In fact, the Matzo Ball felt very much like JDate transposed to real life, complete with awkward silences, halting opening lines and guys ogling those women courageous enough to dance. When we were there, the conversation hall was slightly more packed than the dance floor.

Our Matzo Ball Moment: While Aerosmith blared from the speakers, a guy in an even louder shirt sang along while busting dance moves he seemed to have picked up from Saturday Night Fever.

Easy though it is to mock, the Matzo Ball seems to work. Its organizers claim responsibility for 1,000 marriages, and even some already hitched come to enjoy the party — or perhaps just the sight of the holiday mating dance.

“The Matzo Ball is not just for singles,” said a man who identified himself as Dr. Phil, who attended with his girlfriend, Jamie.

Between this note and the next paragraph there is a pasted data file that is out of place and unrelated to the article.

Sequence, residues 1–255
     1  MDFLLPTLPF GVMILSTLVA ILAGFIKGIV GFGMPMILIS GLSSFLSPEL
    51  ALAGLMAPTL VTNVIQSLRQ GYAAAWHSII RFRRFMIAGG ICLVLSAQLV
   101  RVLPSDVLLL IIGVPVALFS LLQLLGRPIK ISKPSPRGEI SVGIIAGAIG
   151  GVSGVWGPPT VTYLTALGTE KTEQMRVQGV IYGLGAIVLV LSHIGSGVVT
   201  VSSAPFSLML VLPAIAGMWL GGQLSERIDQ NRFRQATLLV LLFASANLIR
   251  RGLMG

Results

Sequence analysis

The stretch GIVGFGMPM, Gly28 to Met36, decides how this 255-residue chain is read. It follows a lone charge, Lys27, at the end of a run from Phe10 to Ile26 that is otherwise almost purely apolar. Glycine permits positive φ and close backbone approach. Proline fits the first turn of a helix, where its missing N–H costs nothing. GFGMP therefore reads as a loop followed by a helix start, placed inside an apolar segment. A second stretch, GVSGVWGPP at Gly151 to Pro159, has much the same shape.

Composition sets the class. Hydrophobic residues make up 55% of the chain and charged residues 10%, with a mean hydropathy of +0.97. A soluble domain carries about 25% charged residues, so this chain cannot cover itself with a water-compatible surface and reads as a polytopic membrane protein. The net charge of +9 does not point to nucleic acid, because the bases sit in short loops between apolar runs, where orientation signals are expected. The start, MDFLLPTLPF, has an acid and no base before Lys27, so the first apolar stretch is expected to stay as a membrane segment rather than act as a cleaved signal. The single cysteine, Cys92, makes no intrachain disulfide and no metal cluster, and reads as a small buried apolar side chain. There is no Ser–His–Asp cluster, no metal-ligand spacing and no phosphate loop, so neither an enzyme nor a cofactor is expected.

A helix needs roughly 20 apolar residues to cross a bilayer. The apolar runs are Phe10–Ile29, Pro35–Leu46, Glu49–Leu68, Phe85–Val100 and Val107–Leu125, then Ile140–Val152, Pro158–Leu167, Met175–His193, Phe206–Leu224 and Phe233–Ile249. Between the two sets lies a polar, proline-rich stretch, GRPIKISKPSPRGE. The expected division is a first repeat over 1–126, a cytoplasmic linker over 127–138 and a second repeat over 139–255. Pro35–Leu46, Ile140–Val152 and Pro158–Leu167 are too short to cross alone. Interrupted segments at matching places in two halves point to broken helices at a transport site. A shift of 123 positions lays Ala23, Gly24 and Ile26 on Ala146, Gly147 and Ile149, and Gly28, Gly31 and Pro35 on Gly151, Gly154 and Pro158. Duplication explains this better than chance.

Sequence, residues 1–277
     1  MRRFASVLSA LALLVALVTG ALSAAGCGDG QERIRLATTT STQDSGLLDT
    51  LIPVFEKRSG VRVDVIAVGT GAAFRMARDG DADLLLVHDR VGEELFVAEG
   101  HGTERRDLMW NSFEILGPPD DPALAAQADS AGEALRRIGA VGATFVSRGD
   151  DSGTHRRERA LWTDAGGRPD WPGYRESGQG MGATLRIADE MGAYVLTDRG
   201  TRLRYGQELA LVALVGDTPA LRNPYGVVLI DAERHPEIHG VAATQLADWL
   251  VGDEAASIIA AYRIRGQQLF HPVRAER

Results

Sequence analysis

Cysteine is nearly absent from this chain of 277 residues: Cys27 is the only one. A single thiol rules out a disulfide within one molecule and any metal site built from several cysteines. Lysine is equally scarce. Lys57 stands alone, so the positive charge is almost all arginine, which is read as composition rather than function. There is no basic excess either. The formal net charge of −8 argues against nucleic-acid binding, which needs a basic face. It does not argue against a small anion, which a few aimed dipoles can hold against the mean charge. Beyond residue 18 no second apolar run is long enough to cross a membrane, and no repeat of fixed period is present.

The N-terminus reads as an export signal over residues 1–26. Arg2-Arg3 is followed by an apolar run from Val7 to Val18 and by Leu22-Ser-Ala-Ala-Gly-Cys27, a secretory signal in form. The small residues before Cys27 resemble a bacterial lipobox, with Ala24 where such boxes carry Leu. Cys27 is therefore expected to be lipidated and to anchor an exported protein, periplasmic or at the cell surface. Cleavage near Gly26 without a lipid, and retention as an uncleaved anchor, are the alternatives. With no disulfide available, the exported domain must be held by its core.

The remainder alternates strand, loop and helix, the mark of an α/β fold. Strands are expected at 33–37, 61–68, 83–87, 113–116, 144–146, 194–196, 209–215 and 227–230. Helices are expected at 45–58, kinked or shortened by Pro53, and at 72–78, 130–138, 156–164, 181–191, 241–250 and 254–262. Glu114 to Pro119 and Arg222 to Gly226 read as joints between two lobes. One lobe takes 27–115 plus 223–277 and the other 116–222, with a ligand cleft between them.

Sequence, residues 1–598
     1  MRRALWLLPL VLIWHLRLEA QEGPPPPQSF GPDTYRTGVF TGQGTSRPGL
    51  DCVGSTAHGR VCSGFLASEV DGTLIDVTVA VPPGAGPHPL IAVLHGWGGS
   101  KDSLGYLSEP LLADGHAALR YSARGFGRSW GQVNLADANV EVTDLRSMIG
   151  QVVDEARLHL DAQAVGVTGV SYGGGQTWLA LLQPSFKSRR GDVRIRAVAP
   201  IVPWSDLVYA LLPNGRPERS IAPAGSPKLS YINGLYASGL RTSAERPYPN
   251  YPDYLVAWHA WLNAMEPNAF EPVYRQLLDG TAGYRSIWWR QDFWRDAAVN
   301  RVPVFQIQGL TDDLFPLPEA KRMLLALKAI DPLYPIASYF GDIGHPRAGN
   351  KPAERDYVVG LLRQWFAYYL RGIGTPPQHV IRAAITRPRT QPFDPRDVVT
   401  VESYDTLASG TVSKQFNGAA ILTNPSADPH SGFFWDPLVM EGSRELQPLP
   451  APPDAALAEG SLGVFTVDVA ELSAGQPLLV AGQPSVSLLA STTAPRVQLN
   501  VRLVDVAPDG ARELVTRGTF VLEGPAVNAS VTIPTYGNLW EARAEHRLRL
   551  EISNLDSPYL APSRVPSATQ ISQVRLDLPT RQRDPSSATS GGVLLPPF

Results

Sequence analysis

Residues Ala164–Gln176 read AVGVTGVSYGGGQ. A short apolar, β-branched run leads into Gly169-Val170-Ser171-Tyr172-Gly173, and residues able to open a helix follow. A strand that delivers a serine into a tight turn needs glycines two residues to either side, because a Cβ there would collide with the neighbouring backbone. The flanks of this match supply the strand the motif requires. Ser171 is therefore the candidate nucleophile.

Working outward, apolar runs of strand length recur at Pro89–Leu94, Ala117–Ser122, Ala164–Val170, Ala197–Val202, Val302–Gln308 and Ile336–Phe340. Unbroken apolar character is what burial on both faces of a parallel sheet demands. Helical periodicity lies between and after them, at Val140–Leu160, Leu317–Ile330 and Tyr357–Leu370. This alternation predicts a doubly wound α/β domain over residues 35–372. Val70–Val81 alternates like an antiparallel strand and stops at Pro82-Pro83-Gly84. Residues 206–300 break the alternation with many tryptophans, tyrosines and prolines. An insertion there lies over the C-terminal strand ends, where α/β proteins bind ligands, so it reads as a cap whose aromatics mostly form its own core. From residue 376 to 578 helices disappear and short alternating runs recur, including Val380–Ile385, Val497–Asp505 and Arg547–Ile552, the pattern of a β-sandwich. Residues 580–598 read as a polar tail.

Our drink: Vodka tonic: $12.

Suggested line: Anything not involving matzo balls and sexual innuendo.

The Havalight party. Arrival time: 11:25 p.m.

We’re going to coin a phrase here: Jewro-Trash. It’s a term of endearment for this members-only social group for well-heeled European Jews. They were haughty, but they made us smile.

And the Jewro-club’s Jewro-party at the posh Room Service club was certainly a notch above the others in terms of accessories: Raffle gifts included a three night stay in a Miami villa, and a Gucci bag.

“This is not a Matzo Ball,” organizer Georges Benoliel warned in a thick French accent. “Wear a jacket. And nice shoes,” he implored before the event.

Havalight’s dandily-dressed revelers danced to European club music as a live percussionist played along on timbale drums.

“We want to attract the good people,” said Benoliel, wearing a dapper pinstripe suit at the party, as he pulled a European Marlboro light from its box.

“It helps if you are not from New Jersey or Brooklyn,” he told us, unaware that the two of us do indeed have roots in New Jersey and Brooklyn.